Douglas County Commission to consider accepting grant to help fund Wells Overlook accessibility project
photo by: Chris Conde/Journal-World File Photo
Douglas County may soon begin work on the construction of a new accessible viewing platform and picnic shelter at Wells Overlook Park.
The County Commission during its meeting on Wednesday will consider approving the acceptance of a federal grant worth up to $44,790 to fund part of the project.
In March 2019, the commissioners approved a plan to construct a viewing platform compliant with Americans with Disabilities Act accessibility guidelines at the site, which is on County Route 458 just east of U.S. Highway 59.
The new platform would be constructed near the northernmost curve on the park’s access drive, about 35 feet lower in elevation than the top of the hill where the park’s observation tower is located. The project also includes the construction of a separate ADA-accessible picnic shelter south of the current parking area.
As part of the project, the county applied for a federal Land and Water Conservation Fund grant, which is authorized by the Kansas Department of Wildlife, Parks and Tourism. Keith Browning, county engineer and director of public works, told the commissioners in a memo that the county received the project agreement documents from the department on Jan. 2 and they must be signed and returned.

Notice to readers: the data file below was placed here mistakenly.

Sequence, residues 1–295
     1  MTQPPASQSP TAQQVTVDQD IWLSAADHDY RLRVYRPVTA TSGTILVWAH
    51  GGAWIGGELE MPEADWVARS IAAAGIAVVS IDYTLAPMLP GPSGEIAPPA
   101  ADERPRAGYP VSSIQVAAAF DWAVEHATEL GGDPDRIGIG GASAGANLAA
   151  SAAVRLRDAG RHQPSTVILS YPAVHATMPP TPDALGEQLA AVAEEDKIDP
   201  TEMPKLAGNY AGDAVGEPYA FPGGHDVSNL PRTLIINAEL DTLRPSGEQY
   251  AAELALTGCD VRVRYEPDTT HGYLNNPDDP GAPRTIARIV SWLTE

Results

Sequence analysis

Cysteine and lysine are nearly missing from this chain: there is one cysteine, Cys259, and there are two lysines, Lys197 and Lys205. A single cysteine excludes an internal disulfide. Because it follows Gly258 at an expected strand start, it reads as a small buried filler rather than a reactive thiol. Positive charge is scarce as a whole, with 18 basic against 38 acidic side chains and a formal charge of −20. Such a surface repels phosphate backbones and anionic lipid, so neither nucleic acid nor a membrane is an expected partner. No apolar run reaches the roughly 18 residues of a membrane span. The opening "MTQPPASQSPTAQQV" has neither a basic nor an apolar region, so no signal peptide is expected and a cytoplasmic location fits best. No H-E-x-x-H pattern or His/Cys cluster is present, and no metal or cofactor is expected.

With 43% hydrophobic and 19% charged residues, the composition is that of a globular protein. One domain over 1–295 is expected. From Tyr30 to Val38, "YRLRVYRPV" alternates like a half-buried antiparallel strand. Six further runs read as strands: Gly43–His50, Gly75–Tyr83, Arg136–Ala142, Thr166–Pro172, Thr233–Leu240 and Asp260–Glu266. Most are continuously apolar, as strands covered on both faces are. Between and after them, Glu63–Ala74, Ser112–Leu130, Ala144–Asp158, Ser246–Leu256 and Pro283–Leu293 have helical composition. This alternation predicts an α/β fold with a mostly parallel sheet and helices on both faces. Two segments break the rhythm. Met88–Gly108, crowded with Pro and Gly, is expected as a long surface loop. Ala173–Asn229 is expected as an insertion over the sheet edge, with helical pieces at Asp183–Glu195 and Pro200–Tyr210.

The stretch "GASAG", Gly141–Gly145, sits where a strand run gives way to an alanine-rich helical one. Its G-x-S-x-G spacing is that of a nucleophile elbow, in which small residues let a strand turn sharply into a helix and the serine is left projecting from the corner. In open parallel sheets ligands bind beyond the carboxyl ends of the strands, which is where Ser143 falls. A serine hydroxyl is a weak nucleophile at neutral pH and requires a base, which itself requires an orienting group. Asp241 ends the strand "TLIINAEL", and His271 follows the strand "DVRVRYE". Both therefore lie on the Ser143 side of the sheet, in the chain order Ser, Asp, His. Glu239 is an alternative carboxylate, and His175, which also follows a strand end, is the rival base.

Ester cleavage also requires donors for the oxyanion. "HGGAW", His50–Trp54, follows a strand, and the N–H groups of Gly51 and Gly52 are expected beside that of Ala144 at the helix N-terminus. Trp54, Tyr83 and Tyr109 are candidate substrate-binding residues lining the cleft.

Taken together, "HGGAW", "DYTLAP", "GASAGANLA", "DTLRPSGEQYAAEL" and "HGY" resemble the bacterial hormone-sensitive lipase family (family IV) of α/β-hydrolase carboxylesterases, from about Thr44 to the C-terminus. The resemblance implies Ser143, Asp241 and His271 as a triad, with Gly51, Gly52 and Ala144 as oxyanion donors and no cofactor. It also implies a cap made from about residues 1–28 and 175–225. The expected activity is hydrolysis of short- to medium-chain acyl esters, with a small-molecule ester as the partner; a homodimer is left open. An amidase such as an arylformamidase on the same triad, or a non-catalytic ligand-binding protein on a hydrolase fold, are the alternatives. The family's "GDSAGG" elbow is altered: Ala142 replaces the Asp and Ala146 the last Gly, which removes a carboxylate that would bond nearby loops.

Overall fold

If approved on Wednesday, county staff will begin work for the project “immediately” by removing trees from the site. County staff will also perform grading and asphalt paving at the site, according to the memo.
Karrey Britt, a spokeswoman for the county, said county staff expected the project to cost about $103,000. After the grant is applied, county funds will cover the remaining costs, she said.
The Dirt Works Studio, which is part of the University of Kansas’ School of Architecture and Design, will design and construct the viewing platform and picnic shelter as spring and fall semester projects. Britt said the viewing platform was expected to be finished by the end of May and the picnic shelter was expected to be done by the end of December.
Additional work for the project, including planting native prairie vegetation at the site, may take about three years, she said.
Before the regular meeting, the commissioners will receive an update from representatives for the Lawrence Community Shelter. The discussion will take place during a work session, which means no action will be taken.
In its 2020 budget, the county provided $296,000 of direct funding support to the shelter, which included $181,000 of one-time supplemental funding.
Renee Kuhl, executive director for the shelter, is expected to update the County Commission on the organization’s work since she took over the position in September 2019. Additionally, the center’s board and staff are expected to provide an update on the shelter’s efforts to secure new funding sources and provide information regarding its 2020 budget.
The County Commission will meet at 4 p.m. Wednesday at the Douglas County Courthouse, 1100 Massachusetts St. Full agendas are available online at douglascountyks.org.
Contact Dylan Lysen
Have a story idea, news or information to share? Contact reporter Dylan Lysen: